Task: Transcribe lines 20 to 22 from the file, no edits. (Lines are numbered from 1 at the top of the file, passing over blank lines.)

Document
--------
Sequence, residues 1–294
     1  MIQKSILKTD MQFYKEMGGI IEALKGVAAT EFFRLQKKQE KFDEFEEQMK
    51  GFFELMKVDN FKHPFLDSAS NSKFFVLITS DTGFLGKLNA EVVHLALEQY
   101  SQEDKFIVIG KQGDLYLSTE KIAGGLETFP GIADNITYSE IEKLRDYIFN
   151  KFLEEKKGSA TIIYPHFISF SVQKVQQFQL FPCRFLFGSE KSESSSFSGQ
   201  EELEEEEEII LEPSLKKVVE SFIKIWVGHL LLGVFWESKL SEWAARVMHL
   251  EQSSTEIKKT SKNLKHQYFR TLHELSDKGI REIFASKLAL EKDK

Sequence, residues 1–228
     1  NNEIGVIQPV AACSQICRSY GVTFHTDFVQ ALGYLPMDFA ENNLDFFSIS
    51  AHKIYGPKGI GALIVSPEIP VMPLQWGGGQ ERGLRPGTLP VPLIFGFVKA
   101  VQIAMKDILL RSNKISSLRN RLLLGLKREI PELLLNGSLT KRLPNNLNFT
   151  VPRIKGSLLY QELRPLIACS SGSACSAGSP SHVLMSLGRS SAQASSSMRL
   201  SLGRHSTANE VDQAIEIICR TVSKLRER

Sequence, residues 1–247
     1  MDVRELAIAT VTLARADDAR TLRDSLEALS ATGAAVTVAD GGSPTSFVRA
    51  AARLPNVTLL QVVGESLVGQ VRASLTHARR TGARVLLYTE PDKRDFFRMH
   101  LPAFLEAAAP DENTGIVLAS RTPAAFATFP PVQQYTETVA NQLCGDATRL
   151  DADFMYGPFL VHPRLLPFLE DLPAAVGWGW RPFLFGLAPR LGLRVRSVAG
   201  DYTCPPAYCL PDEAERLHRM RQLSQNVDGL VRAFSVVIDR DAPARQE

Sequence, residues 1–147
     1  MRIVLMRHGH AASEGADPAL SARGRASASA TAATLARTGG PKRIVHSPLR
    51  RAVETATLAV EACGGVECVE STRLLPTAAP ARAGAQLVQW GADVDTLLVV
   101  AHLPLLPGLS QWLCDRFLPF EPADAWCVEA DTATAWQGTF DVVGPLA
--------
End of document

Sequence, residues 1–147
     1  MRIVLMRHGH AASEGADPAL SARGRASASA TAATLARTGG PKRIVHSPLR
    51  RAVETATLAV EACGGVECVE STRLLPTAAP ARAGAQLVQW GADVDTLLVV